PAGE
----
Massachusetts Legal Developments Blog

I Was Pulled Over for Tinted Windows in Boston: Is That Even Legal?

If you have been driving in Boston for a few years, you are probably aware that police pull people over for minor violations. This might be nothing more than an inconvenience for some. But what happens if this traffic stop leads to something much worse? What happens if the police discover evidence of a much more serious crime? Suddenly, you are facing serious consequences for a traffic stop that probably should not have happened in the first place. But is this even legal? What does the Constitution say about these situations, and how can you defend yourself against criminal allegations? 

Three Arrests Made After Suspects Stopped Due to “Excessively Tinted Window”

On May 25, three individuals were arrested in downtown Boston. They had been pulled over for driving in a car with what police called “excessively tinted windows.” After the traffic stop, the vehicle and the suspects were searched – and an illegal firearm was allegedly found in their possession.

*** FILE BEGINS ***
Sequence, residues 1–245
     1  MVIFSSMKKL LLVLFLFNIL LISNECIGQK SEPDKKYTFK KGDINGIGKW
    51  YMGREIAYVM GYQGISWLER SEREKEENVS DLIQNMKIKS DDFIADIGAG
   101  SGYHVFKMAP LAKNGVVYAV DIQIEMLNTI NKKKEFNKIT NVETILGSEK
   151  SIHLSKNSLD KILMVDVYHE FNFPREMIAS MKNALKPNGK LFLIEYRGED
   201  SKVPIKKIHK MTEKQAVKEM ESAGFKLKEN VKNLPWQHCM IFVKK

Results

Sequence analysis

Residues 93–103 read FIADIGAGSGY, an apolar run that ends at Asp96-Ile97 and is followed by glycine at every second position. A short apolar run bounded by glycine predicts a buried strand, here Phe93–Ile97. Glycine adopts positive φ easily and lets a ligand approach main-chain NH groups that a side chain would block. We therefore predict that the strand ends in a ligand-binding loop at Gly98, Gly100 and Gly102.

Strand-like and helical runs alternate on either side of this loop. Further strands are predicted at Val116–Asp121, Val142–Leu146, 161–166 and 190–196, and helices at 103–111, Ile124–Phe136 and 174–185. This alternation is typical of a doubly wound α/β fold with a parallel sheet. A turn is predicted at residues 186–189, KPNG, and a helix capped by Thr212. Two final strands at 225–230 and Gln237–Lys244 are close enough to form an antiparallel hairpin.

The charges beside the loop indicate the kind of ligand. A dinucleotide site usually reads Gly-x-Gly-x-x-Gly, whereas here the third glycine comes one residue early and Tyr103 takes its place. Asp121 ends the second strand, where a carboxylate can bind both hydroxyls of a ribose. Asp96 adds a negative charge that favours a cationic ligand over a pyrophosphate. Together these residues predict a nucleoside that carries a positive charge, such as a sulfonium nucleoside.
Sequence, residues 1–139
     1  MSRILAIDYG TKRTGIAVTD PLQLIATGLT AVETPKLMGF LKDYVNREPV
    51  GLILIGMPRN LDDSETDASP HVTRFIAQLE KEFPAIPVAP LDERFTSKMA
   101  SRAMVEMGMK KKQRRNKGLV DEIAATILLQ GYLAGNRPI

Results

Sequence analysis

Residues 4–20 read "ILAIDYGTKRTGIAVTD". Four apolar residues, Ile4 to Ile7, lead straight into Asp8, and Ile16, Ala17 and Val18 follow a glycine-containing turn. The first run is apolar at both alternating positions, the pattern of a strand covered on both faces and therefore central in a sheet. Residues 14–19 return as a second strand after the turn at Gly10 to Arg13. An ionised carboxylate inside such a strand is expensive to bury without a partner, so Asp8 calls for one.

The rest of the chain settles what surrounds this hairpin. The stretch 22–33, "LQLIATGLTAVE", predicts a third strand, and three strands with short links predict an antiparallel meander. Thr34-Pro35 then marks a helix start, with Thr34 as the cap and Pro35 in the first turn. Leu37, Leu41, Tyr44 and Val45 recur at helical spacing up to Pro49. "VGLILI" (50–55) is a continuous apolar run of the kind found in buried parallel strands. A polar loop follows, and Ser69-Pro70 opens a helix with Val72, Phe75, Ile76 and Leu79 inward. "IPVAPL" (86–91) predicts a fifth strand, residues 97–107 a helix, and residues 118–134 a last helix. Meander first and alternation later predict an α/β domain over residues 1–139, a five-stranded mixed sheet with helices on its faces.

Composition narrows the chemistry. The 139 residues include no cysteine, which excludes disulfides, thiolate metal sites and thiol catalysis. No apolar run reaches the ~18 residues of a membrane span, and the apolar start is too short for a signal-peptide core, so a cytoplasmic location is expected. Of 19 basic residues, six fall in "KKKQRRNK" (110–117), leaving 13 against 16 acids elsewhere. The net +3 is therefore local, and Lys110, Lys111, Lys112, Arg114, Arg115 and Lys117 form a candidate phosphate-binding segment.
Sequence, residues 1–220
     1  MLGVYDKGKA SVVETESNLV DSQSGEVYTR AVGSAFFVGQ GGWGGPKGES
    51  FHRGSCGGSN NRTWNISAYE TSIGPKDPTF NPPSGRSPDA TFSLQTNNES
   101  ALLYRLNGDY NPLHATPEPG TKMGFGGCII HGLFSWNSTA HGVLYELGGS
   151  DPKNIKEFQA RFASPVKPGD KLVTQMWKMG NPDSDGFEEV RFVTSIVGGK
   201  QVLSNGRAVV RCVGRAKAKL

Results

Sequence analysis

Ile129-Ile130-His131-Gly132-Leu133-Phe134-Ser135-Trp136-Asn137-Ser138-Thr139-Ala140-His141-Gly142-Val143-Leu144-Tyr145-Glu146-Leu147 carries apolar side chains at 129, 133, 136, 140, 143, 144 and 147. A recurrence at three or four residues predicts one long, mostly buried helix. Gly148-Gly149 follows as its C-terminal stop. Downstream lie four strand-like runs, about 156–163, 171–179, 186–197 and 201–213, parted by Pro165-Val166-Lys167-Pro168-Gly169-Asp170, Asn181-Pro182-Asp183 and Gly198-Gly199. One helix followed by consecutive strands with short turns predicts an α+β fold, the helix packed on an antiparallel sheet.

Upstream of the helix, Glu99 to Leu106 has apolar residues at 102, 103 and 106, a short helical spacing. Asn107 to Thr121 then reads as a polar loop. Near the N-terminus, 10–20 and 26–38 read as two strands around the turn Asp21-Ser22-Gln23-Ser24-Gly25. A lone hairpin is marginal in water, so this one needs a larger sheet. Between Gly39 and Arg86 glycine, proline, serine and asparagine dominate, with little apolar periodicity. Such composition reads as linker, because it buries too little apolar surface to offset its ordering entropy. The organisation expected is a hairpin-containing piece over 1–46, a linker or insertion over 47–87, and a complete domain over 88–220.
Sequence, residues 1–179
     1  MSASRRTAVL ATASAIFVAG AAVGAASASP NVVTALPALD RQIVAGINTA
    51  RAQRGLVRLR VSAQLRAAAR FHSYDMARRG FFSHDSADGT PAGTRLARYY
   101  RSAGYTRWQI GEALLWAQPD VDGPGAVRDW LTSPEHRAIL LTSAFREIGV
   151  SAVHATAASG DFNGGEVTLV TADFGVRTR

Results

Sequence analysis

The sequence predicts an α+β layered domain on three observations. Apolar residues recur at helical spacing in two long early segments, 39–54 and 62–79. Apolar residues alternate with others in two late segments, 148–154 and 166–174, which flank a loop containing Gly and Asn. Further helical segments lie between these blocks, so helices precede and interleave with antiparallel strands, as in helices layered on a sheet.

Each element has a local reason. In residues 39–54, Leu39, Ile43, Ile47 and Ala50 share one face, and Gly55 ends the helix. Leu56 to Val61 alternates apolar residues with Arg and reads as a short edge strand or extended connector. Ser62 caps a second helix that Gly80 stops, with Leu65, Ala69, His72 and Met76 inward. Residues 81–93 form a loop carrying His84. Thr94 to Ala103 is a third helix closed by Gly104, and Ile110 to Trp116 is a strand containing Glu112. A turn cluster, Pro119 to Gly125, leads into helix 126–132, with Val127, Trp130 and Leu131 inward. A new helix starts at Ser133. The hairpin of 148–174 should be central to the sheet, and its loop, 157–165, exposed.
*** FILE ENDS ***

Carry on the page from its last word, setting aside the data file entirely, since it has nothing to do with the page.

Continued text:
According to United States and Massachusetts law, the reason for the initial traffic stop matters a great deal. For the traffic stop to be justified, there must be some kind of law being broken, something that is serious enough to put other people in danger. You might argue that a broken tail light affects traffic safety, especially at night. But even then, the argument is rather thin. When dealing with tinted windows, on the other hand, it is obvious that police are simply searching for an excuse to pull people over and search them. 

Can Police Legally Pull Me Over for Tinted Windows?

First of all, it is worth mentioning that tinted windows are legal in Massachusetts. The law states that as long as these windows allow 35% of light to pass through the glass, they are fully acceptable. The fine for this violation is $250 – making it a minor offense that is far less dangerous than driving drunk or even having a broken tail light. 

Furthermore, one has to wonder how a police officer can detect whether a window allows more than 35% of the light to pass through. They are simply relying on their best judgment, and it is obviously impossible for a human being to detect the difference between a 34% tint and a 36% tint with their naked eye. In addition, you should know that a traffic stop does not automatically give police permission to search you or your vehicle. Ask for a search warrant before consenting to any searches. 

Where Can I Find a Criminal Defense Attorney in Boston?

If you have been searching the Boston area for a qualified criminal defense attorney, look no further than Edward R. Molari, Attorney at Law. We know that many of these traffic stops are completely unconstitutional, and we can push to have your charges dropped due to these obvious constitutional violations. Settling for a public defender may leave you with a lawyer who is not prepared to fight for your rights. Contact us today to immediately get started with an effective action plan.